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Yotzim must support themselves by working while studying. However, because at this time in life they have not yet acquired profitable work skills, they are usually not capable of earning more than minimum wages. Furthermore, many of their Hassidic families, who often suffer from poor work qualifications and low incomes, are neither inclined nor able to extend to their breakaway children significant moral or financial support. In these circumstances, yotzim are constantly under pressure to stop studying.
Accordingly, Hillel established and maintains its Scholarship Fund so that opportunities to acquire a matriculation certificate, and to complete academic and professional training, will be available to every deserving yotze. As a result, despite having to work long hours and make up much lost ground, most yotzim manage to score very impressive educational achievements and acquire the skills and knowledge they need to become independent and successful individuals in a modern society. What seems quite clear is that, without Hillel's scholarship aid, many of the yotzim would never go so far.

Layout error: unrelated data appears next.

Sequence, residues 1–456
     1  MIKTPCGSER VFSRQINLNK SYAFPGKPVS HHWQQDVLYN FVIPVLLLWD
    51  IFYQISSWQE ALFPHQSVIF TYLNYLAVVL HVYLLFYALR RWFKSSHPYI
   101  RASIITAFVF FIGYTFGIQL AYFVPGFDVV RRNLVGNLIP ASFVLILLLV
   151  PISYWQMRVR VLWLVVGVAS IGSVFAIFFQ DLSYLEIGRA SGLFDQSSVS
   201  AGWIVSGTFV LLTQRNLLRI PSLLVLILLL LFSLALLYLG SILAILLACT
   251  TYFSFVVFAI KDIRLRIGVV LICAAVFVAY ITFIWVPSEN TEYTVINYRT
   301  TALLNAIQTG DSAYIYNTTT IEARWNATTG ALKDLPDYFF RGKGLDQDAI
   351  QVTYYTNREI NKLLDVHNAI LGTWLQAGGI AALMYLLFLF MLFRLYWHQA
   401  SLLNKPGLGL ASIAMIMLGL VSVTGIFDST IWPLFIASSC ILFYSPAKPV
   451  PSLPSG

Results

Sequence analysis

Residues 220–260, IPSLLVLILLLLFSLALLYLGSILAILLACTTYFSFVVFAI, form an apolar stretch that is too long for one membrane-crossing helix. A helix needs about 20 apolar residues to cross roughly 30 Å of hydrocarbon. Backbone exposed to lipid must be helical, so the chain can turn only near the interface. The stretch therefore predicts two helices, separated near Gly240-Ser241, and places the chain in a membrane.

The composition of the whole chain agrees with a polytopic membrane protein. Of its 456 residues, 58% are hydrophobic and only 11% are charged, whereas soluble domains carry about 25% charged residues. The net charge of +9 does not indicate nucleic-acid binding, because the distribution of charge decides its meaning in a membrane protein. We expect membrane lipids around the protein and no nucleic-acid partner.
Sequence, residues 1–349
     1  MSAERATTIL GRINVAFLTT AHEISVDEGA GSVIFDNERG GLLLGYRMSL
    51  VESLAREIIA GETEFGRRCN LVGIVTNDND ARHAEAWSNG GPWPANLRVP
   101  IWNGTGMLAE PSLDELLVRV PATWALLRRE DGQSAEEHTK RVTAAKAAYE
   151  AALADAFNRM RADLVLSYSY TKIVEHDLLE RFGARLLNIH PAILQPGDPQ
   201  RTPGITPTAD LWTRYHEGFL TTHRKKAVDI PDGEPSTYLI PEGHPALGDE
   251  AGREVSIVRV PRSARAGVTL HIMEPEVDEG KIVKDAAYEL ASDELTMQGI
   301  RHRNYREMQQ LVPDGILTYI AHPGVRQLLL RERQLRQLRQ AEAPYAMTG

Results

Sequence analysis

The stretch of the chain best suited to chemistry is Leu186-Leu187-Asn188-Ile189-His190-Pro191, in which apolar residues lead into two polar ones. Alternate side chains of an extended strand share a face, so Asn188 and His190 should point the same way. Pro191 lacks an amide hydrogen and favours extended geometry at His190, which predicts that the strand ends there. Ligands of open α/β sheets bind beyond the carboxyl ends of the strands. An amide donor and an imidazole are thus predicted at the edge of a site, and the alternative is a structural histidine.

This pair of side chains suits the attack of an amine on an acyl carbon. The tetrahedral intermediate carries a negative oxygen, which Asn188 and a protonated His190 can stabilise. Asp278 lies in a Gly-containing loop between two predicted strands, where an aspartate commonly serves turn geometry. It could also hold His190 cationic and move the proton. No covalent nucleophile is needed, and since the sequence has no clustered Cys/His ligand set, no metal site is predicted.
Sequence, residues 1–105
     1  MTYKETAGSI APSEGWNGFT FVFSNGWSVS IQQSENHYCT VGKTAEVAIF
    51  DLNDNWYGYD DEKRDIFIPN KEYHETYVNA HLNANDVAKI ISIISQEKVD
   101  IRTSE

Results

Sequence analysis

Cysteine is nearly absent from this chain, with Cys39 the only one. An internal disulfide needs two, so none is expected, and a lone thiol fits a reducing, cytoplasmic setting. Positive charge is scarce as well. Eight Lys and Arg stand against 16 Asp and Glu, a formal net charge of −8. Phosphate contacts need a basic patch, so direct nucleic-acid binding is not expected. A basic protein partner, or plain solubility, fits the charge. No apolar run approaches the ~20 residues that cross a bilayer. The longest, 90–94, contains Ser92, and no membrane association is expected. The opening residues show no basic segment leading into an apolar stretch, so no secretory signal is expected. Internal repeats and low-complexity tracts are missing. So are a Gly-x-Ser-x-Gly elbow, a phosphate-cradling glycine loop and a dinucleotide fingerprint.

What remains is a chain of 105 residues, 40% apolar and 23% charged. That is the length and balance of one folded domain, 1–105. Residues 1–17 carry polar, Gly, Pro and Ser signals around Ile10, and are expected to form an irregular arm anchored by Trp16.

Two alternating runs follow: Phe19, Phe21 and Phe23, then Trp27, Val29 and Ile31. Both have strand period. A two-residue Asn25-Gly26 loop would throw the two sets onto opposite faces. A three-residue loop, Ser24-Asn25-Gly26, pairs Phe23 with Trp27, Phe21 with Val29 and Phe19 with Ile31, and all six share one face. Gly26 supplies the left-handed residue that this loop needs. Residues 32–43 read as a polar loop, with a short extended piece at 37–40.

The Fund's biggest challenge today is to grow and thereby keep up with the increasing number of yotzim who are joining Hillel and need its help. It would be a bitter disappointment to all of us if, for lack of adequate financial resources, yotzim were constrained from leaving educational programs after studying only for a year or two.
Yet because the Scholarship Fund has few permanent sources of income -- for example, it receives no money from government agencies -- Hillel administrators must replenish the Fund's resources every year. We therefore hope in the next few years to establish a more permanent base of contributions, from Israel and from abroad, that will put the Fund on a less precarious footing. For example, every year we award grants that are provided by families in the memory of beloved relatives. Whatever the format, we feel it is only fair that yotzim will have the support they need from Hillel to make up for what they did not learn in Hassidic schools generously funded by Government ministries such as the Ministry of Education.